Since there is a formal deadline for withdrawal of candidacies from UK Parliament elections, are there historical examples in which some candidates nonetheless informally withdrew after such a deadline had passed, by unequivocally telling their [potential] voters not to vote for them?


2 Answers 2


One example that springs to mind (mainly for its strangeness) is that Willie Rushton (of Private Eye) ran as a protest candidate against Alec Douglas-Home, the PM, in the 1963 Kinross and Western Perthshire by-election - he recommended his supporters vote Liberal. I am fairly sure there are a number of similar examples, though most are probably minor parties or independents rather than a major-party candidate having a massive change of heart.

(An inactive paper candidacy is not really the same thing, as there is still an expectation you will take all the votes you can get. It wouldn't be a paper candidacy if you endorsed someone else)


Once a person is nominated to stand for election within a constituency there is no way to remove that person from the ballot paper. Returning Officer Guidance 2015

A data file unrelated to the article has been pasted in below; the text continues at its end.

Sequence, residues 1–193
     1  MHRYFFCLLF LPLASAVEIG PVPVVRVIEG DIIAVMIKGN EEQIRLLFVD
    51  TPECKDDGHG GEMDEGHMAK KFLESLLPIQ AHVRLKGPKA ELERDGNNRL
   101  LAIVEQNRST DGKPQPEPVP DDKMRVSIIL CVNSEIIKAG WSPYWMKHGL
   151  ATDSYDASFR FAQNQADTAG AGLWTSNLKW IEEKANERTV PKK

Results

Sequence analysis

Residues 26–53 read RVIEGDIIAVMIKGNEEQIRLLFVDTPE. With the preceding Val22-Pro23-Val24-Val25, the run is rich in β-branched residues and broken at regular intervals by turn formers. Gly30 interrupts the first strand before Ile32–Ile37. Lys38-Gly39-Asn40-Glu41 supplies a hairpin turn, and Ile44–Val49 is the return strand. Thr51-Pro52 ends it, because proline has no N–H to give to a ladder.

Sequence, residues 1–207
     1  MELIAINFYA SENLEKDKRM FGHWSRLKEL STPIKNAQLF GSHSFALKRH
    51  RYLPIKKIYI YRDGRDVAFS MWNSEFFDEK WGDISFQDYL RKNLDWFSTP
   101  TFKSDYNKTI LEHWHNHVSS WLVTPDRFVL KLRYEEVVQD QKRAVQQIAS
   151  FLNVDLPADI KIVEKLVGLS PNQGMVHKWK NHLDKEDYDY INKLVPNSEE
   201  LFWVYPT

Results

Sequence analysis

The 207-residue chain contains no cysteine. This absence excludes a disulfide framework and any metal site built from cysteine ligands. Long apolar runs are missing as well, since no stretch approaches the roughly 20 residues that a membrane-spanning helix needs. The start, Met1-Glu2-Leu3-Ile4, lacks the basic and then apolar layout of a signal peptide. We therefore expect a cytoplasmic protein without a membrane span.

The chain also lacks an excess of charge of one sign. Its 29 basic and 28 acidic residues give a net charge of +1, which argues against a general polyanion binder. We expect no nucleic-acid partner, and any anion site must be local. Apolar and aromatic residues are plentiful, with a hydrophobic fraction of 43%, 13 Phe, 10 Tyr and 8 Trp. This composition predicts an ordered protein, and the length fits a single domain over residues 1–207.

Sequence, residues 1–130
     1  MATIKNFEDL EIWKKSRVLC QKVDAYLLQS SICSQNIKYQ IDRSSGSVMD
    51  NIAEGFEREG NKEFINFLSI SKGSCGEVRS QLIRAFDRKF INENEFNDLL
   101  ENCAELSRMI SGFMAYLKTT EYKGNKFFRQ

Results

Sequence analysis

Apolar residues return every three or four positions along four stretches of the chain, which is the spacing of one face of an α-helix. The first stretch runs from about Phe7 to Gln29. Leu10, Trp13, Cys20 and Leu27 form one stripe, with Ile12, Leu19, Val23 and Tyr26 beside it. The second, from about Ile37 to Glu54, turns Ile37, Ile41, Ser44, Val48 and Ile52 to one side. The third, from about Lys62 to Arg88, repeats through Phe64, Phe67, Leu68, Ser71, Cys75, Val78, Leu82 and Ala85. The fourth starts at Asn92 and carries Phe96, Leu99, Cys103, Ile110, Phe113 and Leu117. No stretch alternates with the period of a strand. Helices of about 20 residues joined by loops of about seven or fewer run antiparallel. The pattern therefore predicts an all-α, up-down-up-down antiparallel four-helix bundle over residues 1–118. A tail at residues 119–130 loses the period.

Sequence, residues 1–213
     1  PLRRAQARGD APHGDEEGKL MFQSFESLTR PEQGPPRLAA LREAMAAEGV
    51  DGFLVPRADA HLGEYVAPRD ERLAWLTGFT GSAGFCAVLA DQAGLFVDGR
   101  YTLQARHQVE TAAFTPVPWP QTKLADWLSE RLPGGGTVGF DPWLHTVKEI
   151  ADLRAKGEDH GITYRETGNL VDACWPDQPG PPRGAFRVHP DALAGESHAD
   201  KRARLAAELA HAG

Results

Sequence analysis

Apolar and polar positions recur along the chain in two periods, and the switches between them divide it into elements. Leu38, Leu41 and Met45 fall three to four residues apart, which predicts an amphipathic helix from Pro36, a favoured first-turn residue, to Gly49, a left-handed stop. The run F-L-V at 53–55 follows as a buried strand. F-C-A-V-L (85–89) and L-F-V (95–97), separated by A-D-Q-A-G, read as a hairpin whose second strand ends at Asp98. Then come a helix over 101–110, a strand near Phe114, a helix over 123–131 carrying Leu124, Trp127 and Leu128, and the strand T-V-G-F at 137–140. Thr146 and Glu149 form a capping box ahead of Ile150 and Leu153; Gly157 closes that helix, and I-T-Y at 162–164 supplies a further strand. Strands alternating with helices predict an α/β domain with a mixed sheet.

The details of any candidates who by the close of withdrawals remain validly nominated must be printed on the ballot papers. If a candidate has not withdrawn by the deadline, their name must go forward to the ballot paper.

However, there is no obligation for the candidate to canvas for support or do anything else really in relation to the upcoming vote. A candidate that doesnt look for support is known as a Paper Candidate

This was suggested to be the ploy of the Conservative Party in some current Labour seats in the upcoming UK General Election

The prime minister was said to be willing to put up "paper candidates" in Labour marginals, with the Tories carrying out only minimal campaigning in order to give an advantage to their Brexit Party rivals.

Sky News 14/11/2019

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